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The center of a group $G$ is

$\{z|z \in G$ and for all $g \in G, gz = zg\}$

Ie...the set of elements that commute with every $g \in G$.

But $gz = zg$ can be written as $g^{-1}zg = z$

So it seems the center of $G$ can also be described as the set of all elements of $G$ that are invariant under conjugation with any element of $G$ that correct?

If so, it seems that commute and conjugate are the same thing?

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up vote 2 down vote accepted

You're right about your alternate definition of the center. We can say that $g$ and $z$ commute if and only if $z$ is invariant under conjugation by $g$, so "commute" and "conjugate" are related, but they aren't the same thing.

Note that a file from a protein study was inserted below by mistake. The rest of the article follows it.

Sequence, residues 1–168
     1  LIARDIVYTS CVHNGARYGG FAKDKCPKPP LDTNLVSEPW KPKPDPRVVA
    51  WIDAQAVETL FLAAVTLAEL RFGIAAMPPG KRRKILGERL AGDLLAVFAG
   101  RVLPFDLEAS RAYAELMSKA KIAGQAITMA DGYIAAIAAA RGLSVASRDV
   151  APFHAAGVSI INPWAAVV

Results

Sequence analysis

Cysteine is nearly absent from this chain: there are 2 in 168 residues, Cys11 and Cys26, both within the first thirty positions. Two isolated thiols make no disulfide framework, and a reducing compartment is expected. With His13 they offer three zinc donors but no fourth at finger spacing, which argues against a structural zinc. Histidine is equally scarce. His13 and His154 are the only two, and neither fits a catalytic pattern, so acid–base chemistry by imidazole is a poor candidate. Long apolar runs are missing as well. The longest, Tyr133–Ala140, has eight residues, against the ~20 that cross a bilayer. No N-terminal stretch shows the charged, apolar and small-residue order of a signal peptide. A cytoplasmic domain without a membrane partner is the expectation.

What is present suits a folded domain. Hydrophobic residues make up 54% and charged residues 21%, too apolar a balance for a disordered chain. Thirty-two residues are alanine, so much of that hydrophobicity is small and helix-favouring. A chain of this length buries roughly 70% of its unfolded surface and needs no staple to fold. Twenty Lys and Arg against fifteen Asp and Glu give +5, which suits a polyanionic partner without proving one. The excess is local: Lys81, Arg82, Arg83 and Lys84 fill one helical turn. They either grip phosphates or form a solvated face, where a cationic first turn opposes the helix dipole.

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So commute is defined by conjugation? – sonicboom Nov 13 '12 at 19:32
Not necessarily. Given a set $X$, we say a function $\#:X\times X\to X$ is a binary operation on $X$. Rather than writing $\#(a,b)$, we typically write $a\# b$--consider the addition operation on $\Bbb R$, for example. We say that $a,b\in X$ commute under the operation $\#$ if $a\# b=b\# a$. However, not every operation has a notion conjugation. For example, let $X$ be any non-empty set, fix $z\in X$, and define $\#:X\times X\to X$ by $x\# y=z$ for all $x,y\in X$. All of $X$'s elements commute under $\#$, but we can't describe conjugation, since we haven't a notion of unique inverses. – Cameron Buie Nov 13 '12 at 19:46
Now, if an operation is associative, has an identity and unique inverses, then conjugation-invariance and commuting are fundamentally tied together, as described in my answer. – Cameron Buie Nov 13 '12 at 19:57
Thanks, that clears it up. – sonicboom Nov 13 '12 at 20:04

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